Just got back from a visit to the Cotswold town of Stow on the Wold. The pictures are straight out of the camera, so no post process.
A little about this beauty of the Cotswold’s.
Stow-on-the-Wold, originally called Stow St. Edward or Edwardstow after the town’s patron saint Edward, probably Edward the Martyr, is said to have originated as an Iron Age fort on this defensive position on a hill. Indeed, there are many sites of similar forts in the area, and Stone Age and Bronze Age burial mounds are common throughout the area. Stow was built as a marketplace on the hilltop nearer to the crossroads, to take advantage of passing trade. Originally the small settlement was controlled by abbots from the local abbey, and when the first weekly market was set up in 1107 by Henry I, he decreed that the proceeds go to Evesham Abbey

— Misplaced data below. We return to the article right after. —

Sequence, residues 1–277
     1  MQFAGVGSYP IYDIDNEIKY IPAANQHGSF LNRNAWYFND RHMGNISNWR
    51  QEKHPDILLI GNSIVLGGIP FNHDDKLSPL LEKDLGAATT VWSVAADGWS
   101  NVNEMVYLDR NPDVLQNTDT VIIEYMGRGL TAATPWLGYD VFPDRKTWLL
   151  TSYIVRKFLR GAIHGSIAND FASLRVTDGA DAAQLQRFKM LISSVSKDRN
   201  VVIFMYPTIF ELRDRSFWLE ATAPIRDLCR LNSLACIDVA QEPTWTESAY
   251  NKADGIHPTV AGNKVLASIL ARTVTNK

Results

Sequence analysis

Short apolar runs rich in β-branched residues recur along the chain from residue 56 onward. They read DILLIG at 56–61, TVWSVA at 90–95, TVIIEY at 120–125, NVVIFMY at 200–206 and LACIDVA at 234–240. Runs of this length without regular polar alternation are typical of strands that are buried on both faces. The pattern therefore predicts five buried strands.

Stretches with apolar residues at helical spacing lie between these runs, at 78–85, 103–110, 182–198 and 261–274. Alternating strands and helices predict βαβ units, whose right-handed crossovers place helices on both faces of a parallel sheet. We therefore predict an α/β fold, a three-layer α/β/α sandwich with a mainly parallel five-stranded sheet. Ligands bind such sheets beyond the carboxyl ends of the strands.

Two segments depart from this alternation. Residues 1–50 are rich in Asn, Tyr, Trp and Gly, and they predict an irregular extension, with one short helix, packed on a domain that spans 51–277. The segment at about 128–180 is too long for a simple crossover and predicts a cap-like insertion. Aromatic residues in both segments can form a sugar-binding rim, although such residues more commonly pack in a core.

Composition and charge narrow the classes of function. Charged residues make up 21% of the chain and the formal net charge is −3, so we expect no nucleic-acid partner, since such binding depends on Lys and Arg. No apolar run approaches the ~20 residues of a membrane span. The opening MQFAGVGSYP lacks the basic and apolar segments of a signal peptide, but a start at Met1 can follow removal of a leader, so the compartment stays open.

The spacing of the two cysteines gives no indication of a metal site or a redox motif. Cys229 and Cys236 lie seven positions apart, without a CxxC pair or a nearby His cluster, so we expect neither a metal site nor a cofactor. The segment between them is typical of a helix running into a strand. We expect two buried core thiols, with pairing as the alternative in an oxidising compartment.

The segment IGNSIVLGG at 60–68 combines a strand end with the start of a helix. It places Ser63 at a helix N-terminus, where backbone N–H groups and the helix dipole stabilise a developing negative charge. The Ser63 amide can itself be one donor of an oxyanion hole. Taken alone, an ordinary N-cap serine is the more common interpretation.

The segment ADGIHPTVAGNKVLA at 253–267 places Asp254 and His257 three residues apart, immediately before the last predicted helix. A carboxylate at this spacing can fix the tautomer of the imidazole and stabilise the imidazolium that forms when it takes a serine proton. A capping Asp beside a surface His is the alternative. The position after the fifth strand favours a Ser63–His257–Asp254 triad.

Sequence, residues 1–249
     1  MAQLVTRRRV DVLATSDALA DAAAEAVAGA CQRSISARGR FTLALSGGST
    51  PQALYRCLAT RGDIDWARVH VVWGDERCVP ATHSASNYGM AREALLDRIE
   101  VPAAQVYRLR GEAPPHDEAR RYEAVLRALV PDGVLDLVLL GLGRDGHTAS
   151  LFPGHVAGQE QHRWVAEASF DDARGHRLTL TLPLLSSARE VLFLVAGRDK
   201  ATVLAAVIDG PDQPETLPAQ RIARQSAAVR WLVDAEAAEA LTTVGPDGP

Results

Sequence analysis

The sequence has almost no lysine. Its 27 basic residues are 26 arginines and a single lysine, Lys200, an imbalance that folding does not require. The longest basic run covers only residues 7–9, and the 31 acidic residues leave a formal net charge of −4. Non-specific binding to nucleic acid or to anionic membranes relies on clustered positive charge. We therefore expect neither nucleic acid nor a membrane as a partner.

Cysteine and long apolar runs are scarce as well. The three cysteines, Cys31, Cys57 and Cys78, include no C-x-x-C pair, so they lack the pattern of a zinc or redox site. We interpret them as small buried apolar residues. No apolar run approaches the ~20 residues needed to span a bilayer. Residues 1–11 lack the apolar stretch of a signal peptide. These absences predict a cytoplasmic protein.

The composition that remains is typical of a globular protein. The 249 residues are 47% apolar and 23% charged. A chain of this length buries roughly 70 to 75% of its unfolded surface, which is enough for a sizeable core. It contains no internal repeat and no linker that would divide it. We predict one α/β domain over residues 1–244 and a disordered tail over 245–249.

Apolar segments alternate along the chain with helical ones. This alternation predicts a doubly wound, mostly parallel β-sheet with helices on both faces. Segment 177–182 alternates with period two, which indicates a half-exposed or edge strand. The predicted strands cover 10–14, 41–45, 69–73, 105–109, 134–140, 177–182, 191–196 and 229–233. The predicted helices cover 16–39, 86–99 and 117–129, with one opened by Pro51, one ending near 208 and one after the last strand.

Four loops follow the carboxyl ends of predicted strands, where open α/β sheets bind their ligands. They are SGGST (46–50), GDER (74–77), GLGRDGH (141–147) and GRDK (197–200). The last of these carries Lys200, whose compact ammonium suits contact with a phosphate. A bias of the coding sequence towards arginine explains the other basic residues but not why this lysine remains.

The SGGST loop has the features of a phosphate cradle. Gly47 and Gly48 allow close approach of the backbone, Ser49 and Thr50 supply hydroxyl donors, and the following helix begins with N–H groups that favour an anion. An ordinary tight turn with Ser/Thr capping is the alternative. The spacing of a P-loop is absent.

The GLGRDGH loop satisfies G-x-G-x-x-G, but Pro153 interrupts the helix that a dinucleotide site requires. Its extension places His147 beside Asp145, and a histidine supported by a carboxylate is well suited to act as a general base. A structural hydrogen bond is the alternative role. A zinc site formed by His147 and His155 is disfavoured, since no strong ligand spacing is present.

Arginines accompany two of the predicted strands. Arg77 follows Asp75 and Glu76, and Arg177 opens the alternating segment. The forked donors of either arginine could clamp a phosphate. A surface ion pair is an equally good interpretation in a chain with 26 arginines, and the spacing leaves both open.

Stow played a role in the English Civil War. A number of fights took place around the area, the local church of St. Edward being damaged in one such skirmish. On 21 March 1646, the Royalists, commanded by Sir Jacob Astley, were defeated at the Battle of Stow-on-the-Wold, with hundreds of prisoners being confined for some time in St. Edwards.
Civil War Info
Stone Plaque in the Church Yard
This building is the towns library.
Town Library Building
The town has a number of little alleyways to explore. Each one leads you to numerous shops selling a variety of goods. The town is more like a village, the buildings are typical of the Cotswold’s. Cotswold stone is a yellow oolitic Jurassic limestone. This limestone is rich in fossils, particularly of fossilised sea urchins. In the Middle Ages the wool trade made the Cotswolds prosperous. The stone when weathered, the colour of buildings made or faced with this stone is often described as honey or golden. The stone varies in colour from north to south, being honey coloured in the north and north east of the region.
Alley to Shops
My favorite picture I took.
The Old Metal Rocking Horse.
Get down there to sample the cream teas and the beauty of Stow on the Wold.